The newly formed Deutsche Bahn took over in 1945 and did what they usually did with narrow gauge railways: ran down services while running busses in competition. To be fair this must have seemed a sensible option as the railway makes a large ‘U’ and the road was straight, but still. A preservation group took over in 1985, and had to close the line in 1991. A consortium of shareholders, mainly local governments and a bank, ran services again from 1996 until the line was closed by the transport ministry in 2000 because the track was such a mess. The local governments stepped in again, kicked the bankers out, and reopened in 2001, which shows the financial clout of local governments in Germany. In the UK it would be a cycleway by now.

The video shows 2-10-2 Class 99 tank locomotive number 99 788 bought in 2001 from Deutsche Bahn, who presumably were keeping it on the off-chance they might need it. Part two is here.

Information from Wikipedia Germany.

The Höllentalbahn (Lit: “Hell’s Valley Railway”, cheerful people they must have locally) was built in 1882 from Freiburg im Breisgau to Neustadt, and later to Donaueschingen. This was considerably later than the State of Baden built their railway line to Freiburg because it was one thing to make a railway down the broad, flat Rhine valley, but quite another to push through the much lumpier Black Forest, especially when the other side of the hills was Württemberg, which was foreign territory, so who wanted to go there? Then some bright spark came up with the idea that this could become part of a trans-European route from Paris to Vienna. At the time Vienna was the centre of a the Austro-Hungarian Empire and Paris was going through a series of bloody conflicts so connecting the two would presumably cheer everyone up a bit.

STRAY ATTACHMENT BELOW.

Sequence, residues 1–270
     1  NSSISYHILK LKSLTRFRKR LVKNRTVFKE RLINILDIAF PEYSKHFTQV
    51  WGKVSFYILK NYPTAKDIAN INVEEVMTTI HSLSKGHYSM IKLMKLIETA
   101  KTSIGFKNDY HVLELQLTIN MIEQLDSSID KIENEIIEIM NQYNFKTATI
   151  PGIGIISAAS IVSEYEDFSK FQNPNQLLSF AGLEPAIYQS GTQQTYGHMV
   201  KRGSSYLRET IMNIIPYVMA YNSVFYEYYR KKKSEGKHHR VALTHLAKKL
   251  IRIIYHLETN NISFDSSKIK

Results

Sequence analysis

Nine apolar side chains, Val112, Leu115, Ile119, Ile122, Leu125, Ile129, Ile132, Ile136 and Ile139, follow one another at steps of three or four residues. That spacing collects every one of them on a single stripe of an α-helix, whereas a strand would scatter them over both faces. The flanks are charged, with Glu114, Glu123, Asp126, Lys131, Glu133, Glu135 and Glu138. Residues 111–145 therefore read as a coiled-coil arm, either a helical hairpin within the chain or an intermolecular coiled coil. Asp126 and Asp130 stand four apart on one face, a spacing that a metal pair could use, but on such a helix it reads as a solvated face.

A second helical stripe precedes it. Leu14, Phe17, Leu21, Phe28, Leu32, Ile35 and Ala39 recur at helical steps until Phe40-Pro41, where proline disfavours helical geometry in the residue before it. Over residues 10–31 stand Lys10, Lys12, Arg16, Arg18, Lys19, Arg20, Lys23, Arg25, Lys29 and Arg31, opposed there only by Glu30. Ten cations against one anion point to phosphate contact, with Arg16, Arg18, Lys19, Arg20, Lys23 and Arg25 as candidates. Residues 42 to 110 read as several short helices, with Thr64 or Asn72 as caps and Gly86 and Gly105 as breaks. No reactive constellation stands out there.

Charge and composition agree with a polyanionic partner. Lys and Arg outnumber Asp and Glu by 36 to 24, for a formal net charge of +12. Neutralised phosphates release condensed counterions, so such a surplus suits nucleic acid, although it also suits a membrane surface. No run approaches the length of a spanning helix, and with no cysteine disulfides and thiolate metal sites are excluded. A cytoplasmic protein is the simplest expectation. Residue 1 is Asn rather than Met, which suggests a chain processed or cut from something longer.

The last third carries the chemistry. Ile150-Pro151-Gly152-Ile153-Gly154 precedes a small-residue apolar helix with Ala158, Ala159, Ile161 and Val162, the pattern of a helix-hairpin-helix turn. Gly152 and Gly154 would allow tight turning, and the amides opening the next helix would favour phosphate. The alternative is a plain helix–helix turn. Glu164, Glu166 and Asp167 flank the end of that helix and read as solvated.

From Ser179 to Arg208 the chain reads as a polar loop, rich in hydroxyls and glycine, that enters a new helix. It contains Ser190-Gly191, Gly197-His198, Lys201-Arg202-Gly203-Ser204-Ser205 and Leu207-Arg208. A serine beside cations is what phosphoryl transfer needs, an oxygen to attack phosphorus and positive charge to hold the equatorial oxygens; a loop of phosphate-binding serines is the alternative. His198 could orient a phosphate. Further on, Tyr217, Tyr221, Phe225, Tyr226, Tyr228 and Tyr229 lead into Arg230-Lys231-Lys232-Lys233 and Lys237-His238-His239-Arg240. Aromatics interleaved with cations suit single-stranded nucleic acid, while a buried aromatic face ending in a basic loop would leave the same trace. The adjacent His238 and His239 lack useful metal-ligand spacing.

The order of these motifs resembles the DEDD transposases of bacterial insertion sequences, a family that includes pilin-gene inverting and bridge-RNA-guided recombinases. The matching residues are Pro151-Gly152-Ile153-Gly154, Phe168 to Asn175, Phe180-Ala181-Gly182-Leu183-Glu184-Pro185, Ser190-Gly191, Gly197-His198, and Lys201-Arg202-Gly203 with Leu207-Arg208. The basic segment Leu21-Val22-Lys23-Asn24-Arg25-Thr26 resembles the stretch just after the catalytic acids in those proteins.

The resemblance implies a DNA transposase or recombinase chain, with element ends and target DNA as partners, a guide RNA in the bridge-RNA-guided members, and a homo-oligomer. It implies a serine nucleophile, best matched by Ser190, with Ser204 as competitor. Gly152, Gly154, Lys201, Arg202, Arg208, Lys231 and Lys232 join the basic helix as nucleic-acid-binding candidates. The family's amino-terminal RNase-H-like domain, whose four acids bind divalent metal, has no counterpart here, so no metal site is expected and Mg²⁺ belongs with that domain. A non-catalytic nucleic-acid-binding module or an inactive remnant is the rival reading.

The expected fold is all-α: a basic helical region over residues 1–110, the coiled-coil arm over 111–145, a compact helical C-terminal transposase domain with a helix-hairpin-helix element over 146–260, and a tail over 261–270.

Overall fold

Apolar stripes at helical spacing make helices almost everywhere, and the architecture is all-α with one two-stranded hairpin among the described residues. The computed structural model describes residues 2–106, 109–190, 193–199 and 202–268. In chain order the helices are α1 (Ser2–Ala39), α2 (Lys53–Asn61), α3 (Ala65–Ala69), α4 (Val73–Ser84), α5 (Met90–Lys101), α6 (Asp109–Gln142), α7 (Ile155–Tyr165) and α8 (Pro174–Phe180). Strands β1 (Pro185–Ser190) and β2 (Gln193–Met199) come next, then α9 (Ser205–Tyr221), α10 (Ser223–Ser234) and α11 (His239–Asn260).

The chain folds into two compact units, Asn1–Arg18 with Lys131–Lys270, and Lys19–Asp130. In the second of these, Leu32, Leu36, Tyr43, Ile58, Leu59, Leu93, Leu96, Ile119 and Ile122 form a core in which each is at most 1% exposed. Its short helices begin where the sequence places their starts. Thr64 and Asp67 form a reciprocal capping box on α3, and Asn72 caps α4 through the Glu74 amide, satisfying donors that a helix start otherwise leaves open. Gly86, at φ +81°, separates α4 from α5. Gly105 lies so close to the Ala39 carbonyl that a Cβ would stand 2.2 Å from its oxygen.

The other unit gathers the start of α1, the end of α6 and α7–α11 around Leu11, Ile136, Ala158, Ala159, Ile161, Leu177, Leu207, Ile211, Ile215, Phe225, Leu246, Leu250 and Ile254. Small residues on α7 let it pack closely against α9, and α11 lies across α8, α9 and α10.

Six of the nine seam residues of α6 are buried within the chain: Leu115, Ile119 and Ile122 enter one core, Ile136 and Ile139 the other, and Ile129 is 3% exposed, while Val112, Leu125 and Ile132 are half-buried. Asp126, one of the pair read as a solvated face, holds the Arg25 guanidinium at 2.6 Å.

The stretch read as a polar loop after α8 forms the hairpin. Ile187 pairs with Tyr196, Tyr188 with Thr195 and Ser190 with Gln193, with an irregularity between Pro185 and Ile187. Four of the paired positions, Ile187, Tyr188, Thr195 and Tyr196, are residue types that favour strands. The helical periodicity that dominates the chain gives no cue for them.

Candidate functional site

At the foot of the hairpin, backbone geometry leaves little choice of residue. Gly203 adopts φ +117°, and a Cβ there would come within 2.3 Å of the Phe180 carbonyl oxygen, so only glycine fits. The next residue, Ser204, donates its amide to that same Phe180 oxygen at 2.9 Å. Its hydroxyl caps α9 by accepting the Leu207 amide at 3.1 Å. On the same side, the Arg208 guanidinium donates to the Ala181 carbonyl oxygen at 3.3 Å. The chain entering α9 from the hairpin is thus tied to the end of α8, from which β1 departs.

The pan-European route never really worked as planned (although the same idea has since been invoked for a massive rebuilding of Stuttgart main station) but it was at least part of the reason the line through the Höllental was finally completed. The line climbs from 278 m (912 ft) in Freiburg to 607 m (1,991 ft) at the summit. The maximum gradient is 5.5% or 1 in 18, (compared to a mere 1 in 37 or 2.65% for the Lickey Incline, the steepest main line railway in the UK network).

At first the line was a rack railway using pretty diminutive IX Class locomotives and just to be on the safe side, dual air and vacum braked trains. The locomotives were replaced by bigger versions, the IXB class on the rack sections in 1910, with normal locomotives on the adhesion only sections. Finally in 1933 the massive 2-10-2 Br 85 tank engines and better brakes did away with all this complicated messing about and simply ran up the whole route on adhesion only.

The Br 85 locomotives were themselves replaced almost immediately as the line was electrified at 20kv, 50hz as far as Titisee-Neustadt and operated by B-B Br E44 locomotives although the remainder of the line to Donaueschingen remained non-electrified. This continued until the end of World War two, when the German army and Militia blew up several bridges and tunnels. This caused some cancellations to local services but it did slow down the invading French army.